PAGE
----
One of the greatest challenges for an Albuquerque injury attorney is the task of placing a monetary value, or commodifying, serious injury or death. In wrongful death cases, for example, we represent families for whom no amount of money could even approximate making them whole. Nevertheless, even in these catastrophic cases, it is our professional duty to pursue the prospect of a monetary settlement. It is difficult for our clients to avoid feeling that commodifying their loss is commodifying their loved one's life.
In an article entitled "Commodification in Law," Philosophy Professor Nick Smith discusses the moral and ethical questions raised by the valuation of injury in the legal system. Much of his article is devoted to the theoretical impact of legal commodification on social and political systems, but he identifies two issues that apply directly to plaintiffs in wrongful death cases.
1. According to Professor Smith, commodification tends to reduce or oversimplify human life by "translating concrete particulars into abstract classifications." The danger here is that the character and nuance of someone who dies wrongfully--the very aspects of a life that make it so precious--wash away in the effort to convert the loss of that life into a dollar amount.
2. On a related note, Professor Smith suggests that the reduction of the loss of a life to a dollar amount diminishes the spiritual meaning we attribute to that life. "It seems as if our very sense of wonder dulls," Smith writes, "when we view the world through economic lenses." Professor Smith goes on to observe that:
"Just as the natural sciences chip away at our self-understanding as beings somehow spiritually distinct from the rest of the material in the universe and we begin to look like merely another physical system, commodification drains metaphysical meaning from our lives, bodies, thoughts, and loves."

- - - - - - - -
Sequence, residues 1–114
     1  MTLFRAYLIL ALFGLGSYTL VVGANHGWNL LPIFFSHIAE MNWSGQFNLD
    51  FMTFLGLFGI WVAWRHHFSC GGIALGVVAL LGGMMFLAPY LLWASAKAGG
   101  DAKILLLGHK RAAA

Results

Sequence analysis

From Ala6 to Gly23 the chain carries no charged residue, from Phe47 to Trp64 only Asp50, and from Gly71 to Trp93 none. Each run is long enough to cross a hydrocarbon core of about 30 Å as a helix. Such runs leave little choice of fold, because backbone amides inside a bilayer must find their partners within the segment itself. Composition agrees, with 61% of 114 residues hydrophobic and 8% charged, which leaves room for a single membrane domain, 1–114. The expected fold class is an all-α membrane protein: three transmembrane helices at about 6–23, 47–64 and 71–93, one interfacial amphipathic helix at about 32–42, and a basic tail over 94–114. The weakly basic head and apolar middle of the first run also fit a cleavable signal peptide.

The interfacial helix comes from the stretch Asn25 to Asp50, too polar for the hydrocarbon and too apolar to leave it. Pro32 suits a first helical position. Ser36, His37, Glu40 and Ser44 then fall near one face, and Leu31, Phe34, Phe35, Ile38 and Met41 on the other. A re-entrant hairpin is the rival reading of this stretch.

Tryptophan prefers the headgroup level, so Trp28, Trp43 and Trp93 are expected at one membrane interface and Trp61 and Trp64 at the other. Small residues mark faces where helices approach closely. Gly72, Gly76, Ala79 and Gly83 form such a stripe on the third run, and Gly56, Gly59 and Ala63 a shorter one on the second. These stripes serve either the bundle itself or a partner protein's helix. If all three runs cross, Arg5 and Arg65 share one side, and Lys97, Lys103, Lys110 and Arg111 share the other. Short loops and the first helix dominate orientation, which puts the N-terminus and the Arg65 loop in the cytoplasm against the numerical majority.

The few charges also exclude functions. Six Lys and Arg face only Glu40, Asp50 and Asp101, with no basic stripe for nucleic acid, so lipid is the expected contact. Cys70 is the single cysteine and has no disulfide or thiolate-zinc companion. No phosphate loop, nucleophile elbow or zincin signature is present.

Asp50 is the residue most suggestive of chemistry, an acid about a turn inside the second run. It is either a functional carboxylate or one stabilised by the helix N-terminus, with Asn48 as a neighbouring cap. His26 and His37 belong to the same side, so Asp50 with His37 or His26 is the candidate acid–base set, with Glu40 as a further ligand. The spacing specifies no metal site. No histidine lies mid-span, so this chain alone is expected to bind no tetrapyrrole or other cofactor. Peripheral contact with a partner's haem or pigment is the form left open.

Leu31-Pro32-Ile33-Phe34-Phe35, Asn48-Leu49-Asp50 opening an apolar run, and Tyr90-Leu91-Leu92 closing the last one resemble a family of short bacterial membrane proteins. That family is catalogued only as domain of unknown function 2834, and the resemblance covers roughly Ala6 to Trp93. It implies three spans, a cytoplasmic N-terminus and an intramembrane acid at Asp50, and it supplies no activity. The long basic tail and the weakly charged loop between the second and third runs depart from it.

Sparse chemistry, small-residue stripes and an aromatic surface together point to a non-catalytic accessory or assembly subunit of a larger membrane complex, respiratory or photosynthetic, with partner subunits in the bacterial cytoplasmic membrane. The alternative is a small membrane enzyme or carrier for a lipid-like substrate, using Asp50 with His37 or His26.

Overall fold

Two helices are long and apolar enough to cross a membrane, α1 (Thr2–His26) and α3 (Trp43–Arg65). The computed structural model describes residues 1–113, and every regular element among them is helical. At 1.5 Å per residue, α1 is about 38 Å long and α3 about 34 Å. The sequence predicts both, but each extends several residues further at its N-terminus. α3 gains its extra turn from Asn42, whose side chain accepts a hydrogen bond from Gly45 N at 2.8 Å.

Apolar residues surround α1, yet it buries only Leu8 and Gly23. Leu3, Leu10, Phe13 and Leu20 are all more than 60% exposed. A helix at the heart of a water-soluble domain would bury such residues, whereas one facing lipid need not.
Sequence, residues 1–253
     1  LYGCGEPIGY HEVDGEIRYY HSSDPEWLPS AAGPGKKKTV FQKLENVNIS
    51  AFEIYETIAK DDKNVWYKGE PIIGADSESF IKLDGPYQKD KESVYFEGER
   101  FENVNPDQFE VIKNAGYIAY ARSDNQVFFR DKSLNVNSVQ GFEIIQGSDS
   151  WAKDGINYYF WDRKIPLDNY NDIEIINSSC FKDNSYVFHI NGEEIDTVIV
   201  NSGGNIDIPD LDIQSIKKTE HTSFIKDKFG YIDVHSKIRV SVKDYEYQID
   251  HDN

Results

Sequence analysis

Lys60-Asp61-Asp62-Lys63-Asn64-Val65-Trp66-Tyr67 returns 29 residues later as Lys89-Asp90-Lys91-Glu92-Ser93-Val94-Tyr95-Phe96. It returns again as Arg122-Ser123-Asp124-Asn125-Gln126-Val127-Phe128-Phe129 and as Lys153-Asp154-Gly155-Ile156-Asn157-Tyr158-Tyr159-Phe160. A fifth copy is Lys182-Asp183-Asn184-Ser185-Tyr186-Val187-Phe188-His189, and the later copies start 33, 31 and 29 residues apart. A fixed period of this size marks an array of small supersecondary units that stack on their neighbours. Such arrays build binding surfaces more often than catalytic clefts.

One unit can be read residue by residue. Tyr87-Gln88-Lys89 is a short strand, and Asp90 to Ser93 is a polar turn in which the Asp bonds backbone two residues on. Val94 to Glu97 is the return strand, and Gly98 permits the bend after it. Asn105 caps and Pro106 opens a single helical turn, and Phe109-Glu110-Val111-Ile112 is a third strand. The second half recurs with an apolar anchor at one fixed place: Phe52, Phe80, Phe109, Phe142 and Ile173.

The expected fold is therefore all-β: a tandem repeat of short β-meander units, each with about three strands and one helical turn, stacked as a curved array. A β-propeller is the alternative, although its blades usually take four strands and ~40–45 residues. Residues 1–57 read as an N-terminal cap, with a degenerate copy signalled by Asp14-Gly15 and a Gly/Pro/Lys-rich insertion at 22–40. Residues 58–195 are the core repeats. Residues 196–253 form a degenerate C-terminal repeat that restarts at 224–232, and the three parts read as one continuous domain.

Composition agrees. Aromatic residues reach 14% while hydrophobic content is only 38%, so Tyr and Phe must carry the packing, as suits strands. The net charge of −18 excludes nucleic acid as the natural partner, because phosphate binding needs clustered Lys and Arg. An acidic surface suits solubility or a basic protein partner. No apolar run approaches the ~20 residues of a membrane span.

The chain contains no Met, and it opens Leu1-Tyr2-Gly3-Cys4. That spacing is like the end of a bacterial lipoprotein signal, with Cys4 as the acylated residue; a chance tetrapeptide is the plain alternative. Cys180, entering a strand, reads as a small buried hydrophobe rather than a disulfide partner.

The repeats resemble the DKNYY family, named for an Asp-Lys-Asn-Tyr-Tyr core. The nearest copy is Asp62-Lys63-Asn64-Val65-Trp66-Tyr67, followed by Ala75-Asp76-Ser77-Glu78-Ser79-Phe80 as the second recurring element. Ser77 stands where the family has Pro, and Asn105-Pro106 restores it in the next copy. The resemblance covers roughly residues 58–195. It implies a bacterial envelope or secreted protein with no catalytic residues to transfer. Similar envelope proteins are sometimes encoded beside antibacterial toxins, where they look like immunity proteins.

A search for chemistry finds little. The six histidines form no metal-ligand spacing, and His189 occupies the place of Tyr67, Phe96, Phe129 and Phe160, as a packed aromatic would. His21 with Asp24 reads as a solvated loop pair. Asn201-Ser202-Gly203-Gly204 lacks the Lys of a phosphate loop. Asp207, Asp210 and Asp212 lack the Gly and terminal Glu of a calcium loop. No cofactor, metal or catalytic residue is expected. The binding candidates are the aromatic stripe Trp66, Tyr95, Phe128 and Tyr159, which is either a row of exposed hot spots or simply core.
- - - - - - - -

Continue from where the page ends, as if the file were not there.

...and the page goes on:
Thus, there is a danger that even when a family obtains a favorable monetary result after a New Mexico wrongful death case, the result feels like an erosion to the memory of the loved one, a secondary loss. Here are some suggestions for avoiding that feeling:
-Recognize the limitations of a wrongful death case. It is not an attempt to make you whole, or to place a value on the life that was lost. If you view your case with either of these goals in mind, you will surely be disappointed. A wrongful death case is simply an effort to obtain some monetary compensation for the loss--it should not define the legacy of your loved one.
-Choose a lawyer with a genuine curiousity about you, your family, and your lost loved one, one who will celebrate and be motivated by his or her memory.
-Choose an attorney who will work with you on setting and achieving non-monetary goals that may include, for example, educating the public and/or institutional reform.
-Communicate with your personal injury lawyer about any discomfort you feel with the impact of commodification, and the legal process as whole, on the memory of your loved one.